top of page


Have you wondered what you can use with all the egg whites you've stored in the fridge while baking or cooking carbonara? There are a few healthy options you can use with your remaining egg whites, like meringue, a rice scramble with ground cauliflower, or an omelette. The latter is a tasty, protein-packed breakfast (or brunch, or lunch) made from herbs, cheese, milk, cold cuts, and egg whites.

Sure, an egg white omelette doesn't have the same, say, influential bandwidth, as a traditional one made of egg yolk, but give the egg whites a chance, and you won't regret it. The key here are two things: an intense whisk, to achieve an airy, fluffy, souffle-like texture; and adding in sharp cheese like cheddar, to bind the fat to the egg white and boost the omelette flavour. Think of this analogy like sprinkling sea salt on your mug of hot chocolate -- remember the amplified taste? That's what cheddar will contribute to the egg whites.

This recipe is fun to do, simple and easy, as you can throw in excess packs of vegetables in your fridge, and make use of that half-opened carton of milk, or that can of button mushrooms you used to make stew, sauce or curry for dinner, or those bits of salami, prosciutto and ham that you nibbled on during your virtual cheese and wine night with the gang, and don't really want to throw away because we want to save what we can (and food waste is one of the worst things to do during this pandemic).

I used two kinds of cheese for this recipe to give it some depth: cheddar and a small chunk of gruyere cheese. Cheddar not only lent some sharpness, but also gave the dish literal weight to keep the omelette from curling up too fast. The gruyere gave a good foil to the strong taste of cheddar, but parmesan will also do. Again, this is about utilising whatever you can scrounge in your refrigerator; don't order what you are not going to use in the next two weeks.

Because cheese is the main base for this dish, it reminds me of "The Big Cheese" episode of Dexter's Laboratory, where the titular character just kept repeating omelette du fromage the whole day. After cooking, however, the physical result looked more like a cross between a scrambled egg white and an empanada; so here it goes: the breakfast Egg-panada, to get us through the last few days of May and the extended community quarantine.


Cooking time: 20 minutes

Serves: 1-2


6 egg whites

1/3 cup or 90 ml whole or skimmed milk

1/2 cup green bell pepper

1 cup chorizo, ham, leftover cold cuts

1/2 cup mixed cheese gratings*

1/4 cup mixed greens: spring onions, rosemary bits, chopped parsley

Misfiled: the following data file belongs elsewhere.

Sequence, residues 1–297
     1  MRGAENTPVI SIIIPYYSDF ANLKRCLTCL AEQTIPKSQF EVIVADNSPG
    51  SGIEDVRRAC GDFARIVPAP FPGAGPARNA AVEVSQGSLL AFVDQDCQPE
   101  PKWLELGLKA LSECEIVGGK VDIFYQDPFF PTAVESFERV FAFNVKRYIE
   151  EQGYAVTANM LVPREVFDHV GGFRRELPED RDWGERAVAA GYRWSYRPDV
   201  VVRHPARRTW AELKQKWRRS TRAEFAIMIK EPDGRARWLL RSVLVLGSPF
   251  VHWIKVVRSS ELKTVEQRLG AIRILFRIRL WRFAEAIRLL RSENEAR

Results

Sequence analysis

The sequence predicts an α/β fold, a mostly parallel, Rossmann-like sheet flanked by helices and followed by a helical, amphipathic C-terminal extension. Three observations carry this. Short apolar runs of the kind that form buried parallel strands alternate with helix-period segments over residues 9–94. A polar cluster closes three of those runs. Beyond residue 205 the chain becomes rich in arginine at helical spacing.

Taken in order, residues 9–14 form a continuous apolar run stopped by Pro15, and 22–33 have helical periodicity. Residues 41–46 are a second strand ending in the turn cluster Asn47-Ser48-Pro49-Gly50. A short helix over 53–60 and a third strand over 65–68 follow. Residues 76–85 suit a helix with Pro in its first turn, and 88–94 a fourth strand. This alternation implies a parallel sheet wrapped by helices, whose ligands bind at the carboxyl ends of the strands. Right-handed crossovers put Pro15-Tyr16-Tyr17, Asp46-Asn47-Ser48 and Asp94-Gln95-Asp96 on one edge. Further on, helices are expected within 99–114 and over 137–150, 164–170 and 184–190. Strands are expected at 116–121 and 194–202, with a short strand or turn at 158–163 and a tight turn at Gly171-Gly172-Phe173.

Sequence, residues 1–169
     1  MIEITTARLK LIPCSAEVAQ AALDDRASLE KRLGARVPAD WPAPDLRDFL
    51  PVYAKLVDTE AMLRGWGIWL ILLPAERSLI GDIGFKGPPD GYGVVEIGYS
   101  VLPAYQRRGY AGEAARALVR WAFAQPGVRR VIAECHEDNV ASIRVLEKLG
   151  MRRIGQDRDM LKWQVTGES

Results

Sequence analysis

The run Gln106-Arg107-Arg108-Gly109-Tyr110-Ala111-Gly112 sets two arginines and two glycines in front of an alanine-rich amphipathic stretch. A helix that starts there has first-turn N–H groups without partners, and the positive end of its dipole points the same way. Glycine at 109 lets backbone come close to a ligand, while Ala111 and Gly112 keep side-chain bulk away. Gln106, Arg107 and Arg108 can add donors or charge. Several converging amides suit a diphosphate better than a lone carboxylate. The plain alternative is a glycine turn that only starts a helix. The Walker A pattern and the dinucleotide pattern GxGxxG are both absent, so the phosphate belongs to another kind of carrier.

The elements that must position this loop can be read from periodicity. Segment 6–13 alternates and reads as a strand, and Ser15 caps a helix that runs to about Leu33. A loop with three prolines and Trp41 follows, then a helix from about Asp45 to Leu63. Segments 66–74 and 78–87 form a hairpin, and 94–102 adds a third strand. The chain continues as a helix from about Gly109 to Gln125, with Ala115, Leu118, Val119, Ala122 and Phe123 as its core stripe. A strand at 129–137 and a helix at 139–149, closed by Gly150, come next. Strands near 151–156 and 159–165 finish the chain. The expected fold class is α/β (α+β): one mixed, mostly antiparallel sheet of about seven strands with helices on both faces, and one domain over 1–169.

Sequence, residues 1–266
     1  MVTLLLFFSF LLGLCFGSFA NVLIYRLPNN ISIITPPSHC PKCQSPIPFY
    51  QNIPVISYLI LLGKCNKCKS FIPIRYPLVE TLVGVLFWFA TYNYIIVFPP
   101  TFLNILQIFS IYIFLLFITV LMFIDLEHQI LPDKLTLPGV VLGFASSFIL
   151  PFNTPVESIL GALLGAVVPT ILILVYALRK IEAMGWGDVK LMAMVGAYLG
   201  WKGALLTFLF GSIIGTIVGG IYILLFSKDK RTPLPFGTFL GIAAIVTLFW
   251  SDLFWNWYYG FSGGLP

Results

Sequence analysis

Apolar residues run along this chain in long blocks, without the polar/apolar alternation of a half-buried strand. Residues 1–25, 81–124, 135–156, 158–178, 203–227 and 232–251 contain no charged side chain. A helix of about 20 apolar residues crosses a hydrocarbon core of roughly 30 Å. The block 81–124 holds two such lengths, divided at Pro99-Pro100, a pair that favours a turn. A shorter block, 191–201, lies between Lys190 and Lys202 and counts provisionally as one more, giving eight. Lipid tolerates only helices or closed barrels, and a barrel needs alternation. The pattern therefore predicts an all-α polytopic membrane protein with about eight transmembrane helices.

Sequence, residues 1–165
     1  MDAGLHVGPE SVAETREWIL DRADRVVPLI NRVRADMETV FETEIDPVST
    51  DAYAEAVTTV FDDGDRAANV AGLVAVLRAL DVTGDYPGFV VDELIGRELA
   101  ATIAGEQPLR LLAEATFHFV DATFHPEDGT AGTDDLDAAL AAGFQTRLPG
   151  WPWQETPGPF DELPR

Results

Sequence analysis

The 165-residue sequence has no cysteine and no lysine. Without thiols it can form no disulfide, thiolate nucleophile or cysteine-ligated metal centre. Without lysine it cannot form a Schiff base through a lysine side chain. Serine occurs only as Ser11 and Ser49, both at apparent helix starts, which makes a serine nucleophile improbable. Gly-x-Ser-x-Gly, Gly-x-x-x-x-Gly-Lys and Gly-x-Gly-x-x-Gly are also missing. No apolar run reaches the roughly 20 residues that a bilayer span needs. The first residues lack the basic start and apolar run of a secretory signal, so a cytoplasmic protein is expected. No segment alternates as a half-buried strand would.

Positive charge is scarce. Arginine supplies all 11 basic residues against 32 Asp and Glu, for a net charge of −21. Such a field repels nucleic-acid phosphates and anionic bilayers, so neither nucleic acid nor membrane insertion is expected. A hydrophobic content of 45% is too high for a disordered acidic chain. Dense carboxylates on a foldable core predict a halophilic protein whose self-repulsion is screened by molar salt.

2 basil leaves for garnish

1 tablespoon olive oil or unsalted butter

*I used cheddar and gruyere, but you can also use another kind of cheese with the cheddar; it's better to use a lighter cheese to complement the cheddar.

1. Whisk egg whites and milk until frothy. Whisk like the fast and furious! Meanwhile, heat olive oil or butter on skillet at medium-high. Once butter has melted, or olive oil starts to sizzle when you flick a few drops of water on it, pour milk and egg batter evenly until it becomes a thick enlarged circle.

2. While batter bubbles and cooks, sprinkle bell peppers and thicker vegetables first to soften them, followed by cold cuts and cheese bits.

When sprinkling the cheese, start with the cheddar first, as this sinks into the mixture. Gruyere, parmesan and mozzarella gratings rise and form bubbles.

Once the cheese melts, throw in the chopped herbs and alliums (leftover spring onions, rosemary, parsley, or other micro-greens you may have in the chiller).

3. Reduce heat when the edges start to curl and you can lift the inside with a flat turner. Feel the omelette with the flat part of your turner or cooking spoon. Once it feels hard yet spongey, you can now turn off the heat.

See the edges curling or shrinking from the end? That means your omelette is almost done.

Carefully transfer the omelette into a serving plate and flip one side to touch the other side. Garnish with basil or whatever extra herbs you may have, and remaining cheddar.

I know, food purists and professional chefs may not like blue plates because it is thought to make the dish look unappetising, but I don't care, because I fell in love with this handcrafted Kevala platter at first sight, and also, it's a pretty contrast to the egg whites, or any bread or cream-based dish. :-p


bottom of page